Anyone over the age of 12 can get the COVID-19 vaccine in the U.S., bringing young people out in droves to finally get inoculated. The recent surge in youth vaccinations has brought the vaccine conversation to TikTok, prompting a new trend. A theory is circulating on the video-sharing platform that if you wildly swing the arm where you received the shot immediately after a COVID vaccine, it will help with swelling and pain. Is there any legitimacy to this claim?
Experts say milder symptoms after attempting the TikTok arm swinging method are probably the result of a “placebo effect.” The viral vaccine hack certainly won’t cause any harm to participants, but it also “won’t do anything” to aid with pain, according to Beate Kampmann, director of the Vaccine Centre at the London School of Hygiene and Tropical Medicine.
“It’s harmless, looks very silly, and won’t do anything,” Kampmann told the Guardian. “The sore arm does not actually happen immediately, as the immune response has not yet happened, and not everyone gets it either.”
Within a few hours after receiving a COVID-19 vaccine, it is normal for some people to experience stiffness and pain at the injection site. This can sometimes last for several days. The soreness will eventually disappear, particularly if helped along by painkillers, the application of cold compresses, or, potentially, moving the arm around to aid with blood flow. While no experts specifically pointed to the TikTok swing method, several did note that moving the limb can aid in pain relief.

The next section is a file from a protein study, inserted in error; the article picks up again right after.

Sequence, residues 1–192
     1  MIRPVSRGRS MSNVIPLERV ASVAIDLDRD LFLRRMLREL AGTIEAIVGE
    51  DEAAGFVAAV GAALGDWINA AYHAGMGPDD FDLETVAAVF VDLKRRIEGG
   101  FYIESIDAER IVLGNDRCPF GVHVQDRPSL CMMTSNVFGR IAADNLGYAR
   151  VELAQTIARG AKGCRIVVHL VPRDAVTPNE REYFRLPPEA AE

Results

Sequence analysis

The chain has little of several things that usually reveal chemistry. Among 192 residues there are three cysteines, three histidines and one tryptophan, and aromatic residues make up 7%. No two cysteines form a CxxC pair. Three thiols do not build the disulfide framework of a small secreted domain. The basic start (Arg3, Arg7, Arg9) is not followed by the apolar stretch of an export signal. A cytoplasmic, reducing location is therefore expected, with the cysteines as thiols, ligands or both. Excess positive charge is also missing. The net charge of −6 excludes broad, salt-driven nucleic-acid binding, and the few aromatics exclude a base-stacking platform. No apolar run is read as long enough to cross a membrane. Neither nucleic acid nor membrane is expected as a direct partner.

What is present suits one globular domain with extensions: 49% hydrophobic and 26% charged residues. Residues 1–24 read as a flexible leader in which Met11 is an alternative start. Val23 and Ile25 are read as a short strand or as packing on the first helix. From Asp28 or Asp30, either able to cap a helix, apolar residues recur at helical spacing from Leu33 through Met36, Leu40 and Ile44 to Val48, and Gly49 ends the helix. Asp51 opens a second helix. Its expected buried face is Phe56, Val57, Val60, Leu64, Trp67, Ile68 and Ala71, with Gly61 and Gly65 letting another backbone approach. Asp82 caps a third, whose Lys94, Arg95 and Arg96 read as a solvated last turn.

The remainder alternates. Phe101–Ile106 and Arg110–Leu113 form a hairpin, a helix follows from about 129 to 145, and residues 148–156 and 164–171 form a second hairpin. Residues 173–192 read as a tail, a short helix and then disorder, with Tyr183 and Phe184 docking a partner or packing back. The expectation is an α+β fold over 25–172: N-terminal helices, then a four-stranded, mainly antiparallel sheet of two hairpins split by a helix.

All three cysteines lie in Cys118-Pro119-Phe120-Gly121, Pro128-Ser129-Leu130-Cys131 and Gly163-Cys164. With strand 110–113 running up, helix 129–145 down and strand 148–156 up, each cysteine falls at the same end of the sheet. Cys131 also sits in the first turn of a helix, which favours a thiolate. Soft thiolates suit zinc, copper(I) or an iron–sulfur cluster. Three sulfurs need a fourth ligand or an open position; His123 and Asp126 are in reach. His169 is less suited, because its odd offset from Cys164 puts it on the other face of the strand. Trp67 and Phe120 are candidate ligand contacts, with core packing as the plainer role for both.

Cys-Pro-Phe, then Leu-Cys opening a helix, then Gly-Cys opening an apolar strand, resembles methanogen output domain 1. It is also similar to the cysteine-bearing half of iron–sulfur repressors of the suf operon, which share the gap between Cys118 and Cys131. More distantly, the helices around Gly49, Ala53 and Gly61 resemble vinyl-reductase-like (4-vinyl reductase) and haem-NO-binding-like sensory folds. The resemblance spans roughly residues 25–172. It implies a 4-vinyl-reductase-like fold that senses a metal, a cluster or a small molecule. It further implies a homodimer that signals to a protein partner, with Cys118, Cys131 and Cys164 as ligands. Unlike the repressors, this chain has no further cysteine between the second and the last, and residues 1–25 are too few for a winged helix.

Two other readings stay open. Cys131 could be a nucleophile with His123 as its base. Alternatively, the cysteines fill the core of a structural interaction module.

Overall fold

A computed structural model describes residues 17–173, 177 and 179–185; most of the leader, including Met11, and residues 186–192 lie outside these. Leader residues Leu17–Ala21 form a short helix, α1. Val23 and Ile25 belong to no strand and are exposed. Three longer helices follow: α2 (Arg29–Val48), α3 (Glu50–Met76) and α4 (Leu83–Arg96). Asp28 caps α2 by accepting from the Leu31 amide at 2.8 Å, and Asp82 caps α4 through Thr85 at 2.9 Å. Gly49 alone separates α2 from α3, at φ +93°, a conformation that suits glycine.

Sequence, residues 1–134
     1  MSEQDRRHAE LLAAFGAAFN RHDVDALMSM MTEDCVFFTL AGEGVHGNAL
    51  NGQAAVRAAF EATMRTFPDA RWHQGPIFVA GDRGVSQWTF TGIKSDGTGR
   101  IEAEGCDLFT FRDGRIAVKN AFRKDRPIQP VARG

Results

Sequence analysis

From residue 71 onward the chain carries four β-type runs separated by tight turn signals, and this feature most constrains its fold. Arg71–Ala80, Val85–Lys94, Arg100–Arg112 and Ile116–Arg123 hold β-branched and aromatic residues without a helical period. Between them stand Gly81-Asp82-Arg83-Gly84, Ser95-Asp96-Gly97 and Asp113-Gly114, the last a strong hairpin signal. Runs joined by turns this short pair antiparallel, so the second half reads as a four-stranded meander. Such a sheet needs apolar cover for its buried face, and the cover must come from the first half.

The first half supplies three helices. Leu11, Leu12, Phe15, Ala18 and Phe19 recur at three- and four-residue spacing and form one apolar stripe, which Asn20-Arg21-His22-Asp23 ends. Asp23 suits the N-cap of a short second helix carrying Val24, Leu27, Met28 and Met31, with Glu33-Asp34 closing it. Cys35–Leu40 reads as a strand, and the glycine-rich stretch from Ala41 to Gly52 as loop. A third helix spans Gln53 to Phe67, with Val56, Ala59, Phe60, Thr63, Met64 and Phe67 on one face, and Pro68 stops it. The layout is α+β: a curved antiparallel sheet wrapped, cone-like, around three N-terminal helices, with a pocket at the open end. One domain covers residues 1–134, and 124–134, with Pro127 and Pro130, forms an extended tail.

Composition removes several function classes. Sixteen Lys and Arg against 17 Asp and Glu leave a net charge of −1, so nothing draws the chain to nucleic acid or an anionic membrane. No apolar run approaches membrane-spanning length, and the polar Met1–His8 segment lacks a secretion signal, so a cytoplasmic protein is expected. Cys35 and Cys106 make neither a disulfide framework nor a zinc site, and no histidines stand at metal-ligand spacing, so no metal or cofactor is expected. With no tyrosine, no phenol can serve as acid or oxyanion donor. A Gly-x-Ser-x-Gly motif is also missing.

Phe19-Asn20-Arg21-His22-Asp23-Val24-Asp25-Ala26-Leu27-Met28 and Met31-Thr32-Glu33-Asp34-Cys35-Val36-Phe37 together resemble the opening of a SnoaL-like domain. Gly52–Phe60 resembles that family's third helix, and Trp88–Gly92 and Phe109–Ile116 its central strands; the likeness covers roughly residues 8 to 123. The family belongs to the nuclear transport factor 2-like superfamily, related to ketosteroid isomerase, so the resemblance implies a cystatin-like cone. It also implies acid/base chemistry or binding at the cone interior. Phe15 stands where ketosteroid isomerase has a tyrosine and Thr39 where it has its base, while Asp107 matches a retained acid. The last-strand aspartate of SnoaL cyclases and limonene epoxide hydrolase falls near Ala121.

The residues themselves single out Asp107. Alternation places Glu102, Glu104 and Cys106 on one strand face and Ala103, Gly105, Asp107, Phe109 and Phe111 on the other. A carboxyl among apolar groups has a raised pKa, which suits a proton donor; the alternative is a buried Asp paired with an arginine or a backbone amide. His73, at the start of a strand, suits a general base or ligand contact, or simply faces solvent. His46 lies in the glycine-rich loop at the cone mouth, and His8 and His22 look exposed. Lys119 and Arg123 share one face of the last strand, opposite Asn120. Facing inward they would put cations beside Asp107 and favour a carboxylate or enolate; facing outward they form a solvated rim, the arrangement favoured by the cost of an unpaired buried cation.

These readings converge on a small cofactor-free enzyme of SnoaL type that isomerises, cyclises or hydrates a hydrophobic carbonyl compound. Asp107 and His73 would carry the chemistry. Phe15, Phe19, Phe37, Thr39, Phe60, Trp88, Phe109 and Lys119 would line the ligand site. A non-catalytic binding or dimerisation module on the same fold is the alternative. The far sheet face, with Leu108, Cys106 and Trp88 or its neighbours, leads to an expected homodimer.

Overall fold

As for wildly swinging the arm around like a windmill? It probably won’t help with pain, but experts note that placebo effects can often be immensely helpful for patients. If patients, particularly young people, feel that the arm swing trend assists with their post-COVID vaccine pain, they should flap to their hearts’ content.
Representatives from AstraZeneca noted that, while they are “certainly not aware of it being helpful,” they are “loth to rule anything out.” Pfizer and Moderna felt there was insufficient evidence to warrant a comment. Some experts believe a randomized controlled trial is due if only to rule out the possibility that the TikTok trend is actually effective.
Azeem Majeed, head of the Department of Primary Care & Public Health at Imperial College London, noted that even if the trend is ineffective, some good has already come of it. Particularly since a number of social media influencers are teaming up to combat vaccine hesitancy.
“If it raises awareness of the jab and makes it seem like a joyful, playful thing, then that’s a very good outcome to the dance,” he said.
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